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Nonmoral Theoretical Disagreement In Law, Alani Golanski 2016 Weitz & Luxenberg, P.C.

Nonmoral Theoretical Disagreement In Law, Alani Golanski

Alani Golanski

I agree with Dworkin that there is widespread theoretical disagreement in law. I hope to show, however, why this disagreement should not be seen as moral in nature. Legal philosophers have nearly always viewed the existence of theoretical disagreement in law as the indicium of moral dispute. If that is so, and if such disagreement is widespread, then this would be compelling evidence of law’s incorporation of moral standards. Thus, theoretical disagreement has posed a powerful challenge to the "positivist" approach, which claims that, for the most part, legality can be determined without resort to moral criteria.

This paper ...


Finding Certainty In Cert: An Empirical Analysis Of The Factors Involved In Supreme Court Certiorari Decisions From 2001-2015, Adam Feldman, Alexander Kappner 2016 University of Southern California

Finding Certainty In Cert: An Empirical Analysis Of The Factors Involved In Supreme Court Certiorari Decisions From 2001-2015, Adam Feldman, Alexander Kappner

University of Southern California Legal Studies Working Paper Series

The Supreme Court annually grants approximately 5% of the petitions to hear cases it receives. It denies petitions from the federal government, from large corporations, and from high-profile attorneys. The decisions of which petitions for writ of certiorari the Court grants sets the Court’s agenda each term and defines the issues which the Court will engage. With such a low likelihood that the Court hears any particular case, what makes a petition more or less likely to be granted? The focus of much of the existing scholarship on certiorari deals with the theoretical underpinnings of these judicial decisions. In ...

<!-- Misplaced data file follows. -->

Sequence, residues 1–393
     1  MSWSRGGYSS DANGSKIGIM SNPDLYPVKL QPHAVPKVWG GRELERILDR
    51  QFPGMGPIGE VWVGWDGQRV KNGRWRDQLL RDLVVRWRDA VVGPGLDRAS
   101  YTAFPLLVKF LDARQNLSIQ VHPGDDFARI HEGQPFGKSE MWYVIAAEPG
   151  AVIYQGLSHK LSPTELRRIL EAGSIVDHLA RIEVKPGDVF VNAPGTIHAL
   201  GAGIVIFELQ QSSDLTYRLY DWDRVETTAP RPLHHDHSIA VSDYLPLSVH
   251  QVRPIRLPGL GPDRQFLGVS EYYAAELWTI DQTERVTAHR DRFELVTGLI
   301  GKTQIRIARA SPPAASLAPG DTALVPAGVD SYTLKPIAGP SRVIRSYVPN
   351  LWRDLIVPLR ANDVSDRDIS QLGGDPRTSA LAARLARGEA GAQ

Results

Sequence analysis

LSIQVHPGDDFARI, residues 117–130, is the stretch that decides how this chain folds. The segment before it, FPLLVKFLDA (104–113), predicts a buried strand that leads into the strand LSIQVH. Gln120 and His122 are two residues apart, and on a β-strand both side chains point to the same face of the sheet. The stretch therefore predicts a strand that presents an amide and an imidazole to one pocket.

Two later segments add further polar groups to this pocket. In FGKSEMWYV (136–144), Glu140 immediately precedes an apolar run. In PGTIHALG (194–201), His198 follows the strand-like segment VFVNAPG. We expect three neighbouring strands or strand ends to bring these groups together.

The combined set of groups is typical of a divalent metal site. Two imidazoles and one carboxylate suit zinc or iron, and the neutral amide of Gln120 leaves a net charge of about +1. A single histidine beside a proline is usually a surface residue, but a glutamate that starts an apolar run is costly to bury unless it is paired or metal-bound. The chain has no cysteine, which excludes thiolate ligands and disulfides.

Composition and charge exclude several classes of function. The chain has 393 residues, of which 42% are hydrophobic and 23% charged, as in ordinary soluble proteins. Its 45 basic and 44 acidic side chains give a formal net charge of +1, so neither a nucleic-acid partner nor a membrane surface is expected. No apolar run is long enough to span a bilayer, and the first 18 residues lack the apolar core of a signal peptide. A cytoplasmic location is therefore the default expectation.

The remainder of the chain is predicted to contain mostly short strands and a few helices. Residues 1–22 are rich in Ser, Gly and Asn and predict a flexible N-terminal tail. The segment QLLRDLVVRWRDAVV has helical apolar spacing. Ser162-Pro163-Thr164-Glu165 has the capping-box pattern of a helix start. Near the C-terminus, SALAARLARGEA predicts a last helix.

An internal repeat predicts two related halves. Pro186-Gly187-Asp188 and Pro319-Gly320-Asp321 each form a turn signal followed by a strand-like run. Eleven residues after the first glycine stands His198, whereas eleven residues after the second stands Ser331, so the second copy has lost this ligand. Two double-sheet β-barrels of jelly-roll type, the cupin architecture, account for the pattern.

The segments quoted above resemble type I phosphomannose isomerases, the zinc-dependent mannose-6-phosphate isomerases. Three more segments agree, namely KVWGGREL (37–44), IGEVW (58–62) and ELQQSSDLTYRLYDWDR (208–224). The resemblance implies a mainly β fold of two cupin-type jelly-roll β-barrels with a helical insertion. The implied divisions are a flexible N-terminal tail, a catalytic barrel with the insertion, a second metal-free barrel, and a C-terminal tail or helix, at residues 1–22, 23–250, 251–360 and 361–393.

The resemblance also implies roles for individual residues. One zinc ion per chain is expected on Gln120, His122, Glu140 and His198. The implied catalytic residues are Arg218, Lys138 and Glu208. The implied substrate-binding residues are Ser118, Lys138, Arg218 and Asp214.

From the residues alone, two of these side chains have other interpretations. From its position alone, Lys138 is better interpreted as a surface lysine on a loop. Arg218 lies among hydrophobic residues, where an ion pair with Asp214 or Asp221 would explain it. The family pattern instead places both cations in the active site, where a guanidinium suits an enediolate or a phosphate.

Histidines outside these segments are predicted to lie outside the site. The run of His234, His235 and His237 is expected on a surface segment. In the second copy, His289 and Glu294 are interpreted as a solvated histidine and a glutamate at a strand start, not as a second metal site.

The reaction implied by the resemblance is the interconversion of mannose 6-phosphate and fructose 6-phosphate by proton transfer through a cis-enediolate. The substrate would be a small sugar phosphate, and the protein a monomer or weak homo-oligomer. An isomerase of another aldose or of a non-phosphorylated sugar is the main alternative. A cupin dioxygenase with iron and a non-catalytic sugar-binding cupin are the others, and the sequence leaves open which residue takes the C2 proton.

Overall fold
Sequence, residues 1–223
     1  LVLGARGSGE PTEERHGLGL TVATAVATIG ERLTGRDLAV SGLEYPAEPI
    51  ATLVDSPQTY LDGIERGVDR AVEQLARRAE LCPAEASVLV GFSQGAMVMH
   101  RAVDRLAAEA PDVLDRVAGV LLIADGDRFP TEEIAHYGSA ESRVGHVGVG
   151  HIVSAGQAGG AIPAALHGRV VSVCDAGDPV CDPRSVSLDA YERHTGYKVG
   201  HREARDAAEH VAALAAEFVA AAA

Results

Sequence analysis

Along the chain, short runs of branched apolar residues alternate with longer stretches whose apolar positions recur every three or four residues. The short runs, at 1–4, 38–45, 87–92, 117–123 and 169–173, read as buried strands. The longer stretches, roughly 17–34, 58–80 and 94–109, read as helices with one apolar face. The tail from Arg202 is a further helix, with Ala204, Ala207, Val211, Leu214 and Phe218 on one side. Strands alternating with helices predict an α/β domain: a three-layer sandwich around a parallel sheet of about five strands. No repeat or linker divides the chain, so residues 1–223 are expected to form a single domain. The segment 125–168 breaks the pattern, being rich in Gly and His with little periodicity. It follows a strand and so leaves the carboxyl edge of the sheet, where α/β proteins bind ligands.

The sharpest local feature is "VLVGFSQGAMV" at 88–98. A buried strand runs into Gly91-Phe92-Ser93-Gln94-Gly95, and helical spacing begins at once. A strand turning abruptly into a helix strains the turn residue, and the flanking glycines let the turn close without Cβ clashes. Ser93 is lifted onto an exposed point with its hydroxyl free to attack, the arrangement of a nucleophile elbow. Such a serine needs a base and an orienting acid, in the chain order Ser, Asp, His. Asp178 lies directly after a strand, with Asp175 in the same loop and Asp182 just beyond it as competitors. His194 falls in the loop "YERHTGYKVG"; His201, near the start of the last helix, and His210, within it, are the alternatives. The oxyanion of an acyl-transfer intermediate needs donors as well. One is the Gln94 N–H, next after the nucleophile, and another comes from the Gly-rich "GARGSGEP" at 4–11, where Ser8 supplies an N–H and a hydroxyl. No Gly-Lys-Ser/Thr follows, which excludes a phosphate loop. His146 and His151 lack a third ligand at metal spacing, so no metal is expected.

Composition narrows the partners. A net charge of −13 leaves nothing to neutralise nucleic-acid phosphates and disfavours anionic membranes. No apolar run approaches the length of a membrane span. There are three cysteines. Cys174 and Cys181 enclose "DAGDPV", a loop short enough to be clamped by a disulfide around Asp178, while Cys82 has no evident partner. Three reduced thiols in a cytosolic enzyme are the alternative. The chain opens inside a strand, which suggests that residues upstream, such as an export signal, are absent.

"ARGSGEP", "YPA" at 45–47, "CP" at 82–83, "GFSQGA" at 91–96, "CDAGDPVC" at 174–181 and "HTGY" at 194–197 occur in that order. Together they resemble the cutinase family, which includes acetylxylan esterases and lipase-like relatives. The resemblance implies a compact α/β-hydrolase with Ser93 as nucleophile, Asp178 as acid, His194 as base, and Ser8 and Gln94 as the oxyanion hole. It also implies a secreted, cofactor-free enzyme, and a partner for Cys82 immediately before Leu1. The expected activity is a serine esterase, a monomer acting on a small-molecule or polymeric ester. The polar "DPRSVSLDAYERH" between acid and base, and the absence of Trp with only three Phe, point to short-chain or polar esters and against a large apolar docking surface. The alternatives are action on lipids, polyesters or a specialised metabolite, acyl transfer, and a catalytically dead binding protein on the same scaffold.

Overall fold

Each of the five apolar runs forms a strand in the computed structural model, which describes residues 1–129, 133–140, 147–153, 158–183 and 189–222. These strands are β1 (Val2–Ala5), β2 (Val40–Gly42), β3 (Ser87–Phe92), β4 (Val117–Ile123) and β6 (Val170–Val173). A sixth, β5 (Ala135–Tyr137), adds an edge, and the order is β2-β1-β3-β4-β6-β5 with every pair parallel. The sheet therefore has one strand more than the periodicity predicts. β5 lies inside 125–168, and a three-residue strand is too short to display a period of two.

Extraterritorial Criminal Jurisdiction, Michael Farbiarz 2016 New York University Law School

Extraterritorial Criminal Jurisdiction, Michael Farbiarz

Michigan Law Review

Over and over again during the past few decades, the federal government has launched ambitious international prosecutions in the service of U.S. national security goals. These extraterritorial prosecutions of terrorists, arms traffickers, and drug lords have forced courts to grapple with a question that has long been latent in the law: What outer boundaries does the Constitution place on criminal jurisdiction? Answering this question, the federal courts have crafted a new due process jurisprudence. This Article argues that this jurisprudence is fundamentally wrong. By implicitly constitutionalizing concerns for international comity, the new due process jurisprudence usurps the popular branches ...


Reconsidering The Constitutionality Of Mandatory Minimum Sentences Under Section 231(5)(E) Post-Luxton, Laura Metcalfe 2016 University of Ottawa Faculty of Law

Reconsidering The Constitutionality Of Mandatory Minimum Sentences Under Section 231(5)(E) Post-Luxton, Laura Metcalfe

Western Journal of Legal Studies

Section 231(5)(e) of the Criminal Code elevates murder to first-degree murder when a death is caused while committing unlawful confinement per s. 279 of the Criminal Code. The corresponding mandatory sentence is life imprisonment with no eligibility for parole until 25 years have been served. The Supreme Court of Canada held that this provision was constitutional in R v Luxton, since it did not violate the principles of fundamental justice and was not considered cruel and unusual punishment, contrary to s. 7 and 12 of the Canadian Charter of Rights and Freedoms, respectively.